Do we love CoCos?

You could say that CoCos are the best of both worlds. They act as debt when equity is not needed, providing a cheaper financing method than equity. When more equity is necessary, they are automatically triggered and provide an extra buffer. The bank is less likely to fail, which is good for financial stability, and investors gain a new product to finance the bank. For current equity-holders of the bank, CoCos are also beneficial. Since the mechanism reduces the likelihood of a bank failure, it also lowers the cost of debt and increases the bank’s ability to use the advantages of debt financing. The cost of capital (WACC) will decrease accordingly, increasing the value of the company. CoCos are also flexible in their design, allowing for various (combinations of) triggers and conversions. This makes them attractive to both banks and investors. To sum up, CoCos seem like the perfect addition to the regulatory framework, an opinion shared by the Basel committee.

However, as more recent (and early-stage) research indicates, there is enough reason to be skeptical of the increased use of CoCos. Although CoCos create a more stable bank ceteris paribus, the use of CoCos also implies a change in incentives for the bank. The reasoning is that the CoCos add to the bank’s equity in a bad state, meaning that the bank has less incentive to avoid that bad state. The described risk shifting can (should) be internalised into the pricing of CoCos, but that does not necessarily eliminate the increased risk taking (see Koziol & Lawrenz, 2012). If this issue is not adequately addressed when implementing CoCos into the regulatory framework, the increased use of this product may increase systemic risk in the sector instead of promoting financial stability. In particular, the regulator should focus on the conversion rate of the CoCos. The risk shifting argument implies that a high-risk strategy with the potential of conversion is preferable over a low-risk strategy in which conversion is less likely to take place. An unbalanced conversion rate can cause a transfer from debt holders to current equity holders, providing an incentive for equity holders to choose the high-risk strategy. Currently existing CoCos indeed carry the characteristics to create the incentive for risk shifting (see Berg & Kaserer, in press; Hilscher & Raviv, 2014). With the right design, CoCos can enhance financial stability and increase value for banks and investors alike. However, more insight into the correct design and implementation of CoCos is necessary. Financial innovation can be a great thing, but we have seen the consequences if new innovations are not properly understood, priced and regulated. That is a mistake we can avoid this time around.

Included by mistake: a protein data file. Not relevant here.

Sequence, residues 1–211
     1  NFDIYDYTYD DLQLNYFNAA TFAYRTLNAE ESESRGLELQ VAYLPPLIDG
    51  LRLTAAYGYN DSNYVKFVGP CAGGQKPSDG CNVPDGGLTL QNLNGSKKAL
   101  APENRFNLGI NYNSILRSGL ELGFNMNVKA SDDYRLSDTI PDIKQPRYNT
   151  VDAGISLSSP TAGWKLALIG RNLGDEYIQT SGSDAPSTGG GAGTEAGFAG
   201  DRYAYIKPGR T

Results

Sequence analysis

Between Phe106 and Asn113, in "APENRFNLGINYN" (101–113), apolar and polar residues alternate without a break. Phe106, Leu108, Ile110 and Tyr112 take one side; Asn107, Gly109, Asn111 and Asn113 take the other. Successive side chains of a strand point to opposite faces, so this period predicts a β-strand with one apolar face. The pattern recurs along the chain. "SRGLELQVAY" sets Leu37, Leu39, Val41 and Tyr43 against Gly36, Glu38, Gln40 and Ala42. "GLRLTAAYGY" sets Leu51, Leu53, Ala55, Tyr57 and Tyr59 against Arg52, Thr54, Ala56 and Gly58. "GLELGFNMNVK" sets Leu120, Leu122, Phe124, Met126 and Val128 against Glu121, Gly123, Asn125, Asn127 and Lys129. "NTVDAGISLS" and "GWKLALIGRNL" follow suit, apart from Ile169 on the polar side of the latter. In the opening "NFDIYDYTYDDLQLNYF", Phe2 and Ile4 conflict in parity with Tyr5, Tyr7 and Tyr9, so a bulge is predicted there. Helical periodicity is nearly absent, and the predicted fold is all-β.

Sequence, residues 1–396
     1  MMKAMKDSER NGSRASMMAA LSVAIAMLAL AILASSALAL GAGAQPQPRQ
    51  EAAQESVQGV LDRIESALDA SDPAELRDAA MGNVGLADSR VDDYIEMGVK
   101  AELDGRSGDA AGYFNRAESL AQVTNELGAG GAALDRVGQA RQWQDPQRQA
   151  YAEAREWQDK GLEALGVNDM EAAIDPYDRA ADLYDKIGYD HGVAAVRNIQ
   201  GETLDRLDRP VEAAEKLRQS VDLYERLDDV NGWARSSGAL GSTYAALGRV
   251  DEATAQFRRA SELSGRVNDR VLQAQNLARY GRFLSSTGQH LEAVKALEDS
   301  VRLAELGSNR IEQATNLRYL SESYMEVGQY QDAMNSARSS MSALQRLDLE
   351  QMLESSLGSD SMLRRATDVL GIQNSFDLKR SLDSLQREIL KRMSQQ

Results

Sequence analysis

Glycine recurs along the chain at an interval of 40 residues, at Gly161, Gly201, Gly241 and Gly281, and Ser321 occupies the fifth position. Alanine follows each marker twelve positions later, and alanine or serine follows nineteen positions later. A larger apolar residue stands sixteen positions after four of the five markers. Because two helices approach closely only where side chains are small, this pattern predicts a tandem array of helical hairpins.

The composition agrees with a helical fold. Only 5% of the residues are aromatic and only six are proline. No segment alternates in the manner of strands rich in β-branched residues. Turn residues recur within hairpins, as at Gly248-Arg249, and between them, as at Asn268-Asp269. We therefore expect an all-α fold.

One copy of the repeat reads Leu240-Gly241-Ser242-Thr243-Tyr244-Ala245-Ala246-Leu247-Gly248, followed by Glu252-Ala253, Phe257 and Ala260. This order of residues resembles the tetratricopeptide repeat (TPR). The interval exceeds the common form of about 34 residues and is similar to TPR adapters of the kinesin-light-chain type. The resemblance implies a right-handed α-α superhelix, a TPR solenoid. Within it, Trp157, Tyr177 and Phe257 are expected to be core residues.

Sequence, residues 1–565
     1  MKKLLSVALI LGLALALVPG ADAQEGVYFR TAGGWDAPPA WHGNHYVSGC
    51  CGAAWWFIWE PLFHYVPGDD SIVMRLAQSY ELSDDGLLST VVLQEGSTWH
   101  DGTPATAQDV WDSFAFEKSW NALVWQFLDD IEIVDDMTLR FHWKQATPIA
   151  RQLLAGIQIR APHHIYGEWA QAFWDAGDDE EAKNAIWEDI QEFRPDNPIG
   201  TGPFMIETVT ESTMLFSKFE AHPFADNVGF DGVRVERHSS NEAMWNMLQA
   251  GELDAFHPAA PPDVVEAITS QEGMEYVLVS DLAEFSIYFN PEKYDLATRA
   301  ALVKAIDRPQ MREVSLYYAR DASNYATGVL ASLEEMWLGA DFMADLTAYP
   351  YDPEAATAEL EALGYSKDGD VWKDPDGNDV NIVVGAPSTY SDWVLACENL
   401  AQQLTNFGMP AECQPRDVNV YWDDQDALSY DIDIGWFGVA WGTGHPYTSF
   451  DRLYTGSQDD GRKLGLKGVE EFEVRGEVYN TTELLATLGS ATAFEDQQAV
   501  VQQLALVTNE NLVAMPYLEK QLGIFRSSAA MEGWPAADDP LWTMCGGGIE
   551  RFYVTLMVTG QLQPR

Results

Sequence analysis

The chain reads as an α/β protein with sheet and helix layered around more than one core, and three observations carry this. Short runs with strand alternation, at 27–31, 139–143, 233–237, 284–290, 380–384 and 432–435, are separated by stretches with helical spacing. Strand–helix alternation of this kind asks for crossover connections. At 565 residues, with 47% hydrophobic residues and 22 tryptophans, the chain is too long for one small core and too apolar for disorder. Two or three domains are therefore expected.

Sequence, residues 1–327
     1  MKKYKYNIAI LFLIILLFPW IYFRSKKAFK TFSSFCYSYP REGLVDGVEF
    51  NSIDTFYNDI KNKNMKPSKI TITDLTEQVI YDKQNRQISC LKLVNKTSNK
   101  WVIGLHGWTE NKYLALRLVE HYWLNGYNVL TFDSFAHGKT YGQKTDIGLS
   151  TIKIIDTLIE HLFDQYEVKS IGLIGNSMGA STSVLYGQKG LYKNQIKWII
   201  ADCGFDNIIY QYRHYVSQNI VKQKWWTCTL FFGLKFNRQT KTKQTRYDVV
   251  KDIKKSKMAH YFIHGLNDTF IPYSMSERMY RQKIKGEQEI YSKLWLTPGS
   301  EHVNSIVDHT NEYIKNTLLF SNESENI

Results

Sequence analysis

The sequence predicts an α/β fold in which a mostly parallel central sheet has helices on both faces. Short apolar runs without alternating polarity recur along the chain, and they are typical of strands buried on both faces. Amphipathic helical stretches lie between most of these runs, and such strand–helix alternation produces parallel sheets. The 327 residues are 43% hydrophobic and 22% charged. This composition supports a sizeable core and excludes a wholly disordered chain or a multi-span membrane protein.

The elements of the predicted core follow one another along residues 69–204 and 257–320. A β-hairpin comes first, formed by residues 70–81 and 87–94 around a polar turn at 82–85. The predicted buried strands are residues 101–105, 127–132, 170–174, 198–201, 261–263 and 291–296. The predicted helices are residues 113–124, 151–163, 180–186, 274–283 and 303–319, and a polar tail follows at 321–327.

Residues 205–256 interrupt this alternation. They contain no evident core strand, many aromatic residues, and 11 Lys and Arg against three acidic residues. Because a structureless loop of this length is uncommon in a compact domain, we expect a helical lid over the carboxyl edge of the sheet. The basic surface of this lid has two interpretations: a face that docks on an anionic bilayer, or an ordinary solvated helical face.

Selected Literature

Avdjiev, S., Kartasheva, A., & Bogdanova, B. (2013). CoCos: a primer. BIS Quarterly Review.

Berg, T., & Kaserer, C. (in press). Does contingent capital induce excessive risk-taking? Journal of Financial Intermediation.

Calomiris, C. W., & Herring, R. J. (2013). How to Design a Contingent Convertible Debt Requirement That Helps Solve Our Too‐Big‐to‐Fail Problem. Journal of Applied Corporate Finance, 25 (2), 39-62.

Hilscher, J., & Raviv, A. (2014). Bank stability and market discipline: The effect of contingent capital on risk taking and default probability. Journal of Corporate Finance, 29, 542-560.

Koziol, C., & Lawrenz, J. (2012). Contingent convertibles. Solving or seeding the next banking crisis? Journal of Banking & Finance, 36 (1), 90-104.

Zähres, M., Speyer, B., & Kaiser, S. (2011). Contingent Convertibles. EU-Monitor 79: Deutsche Bank Research.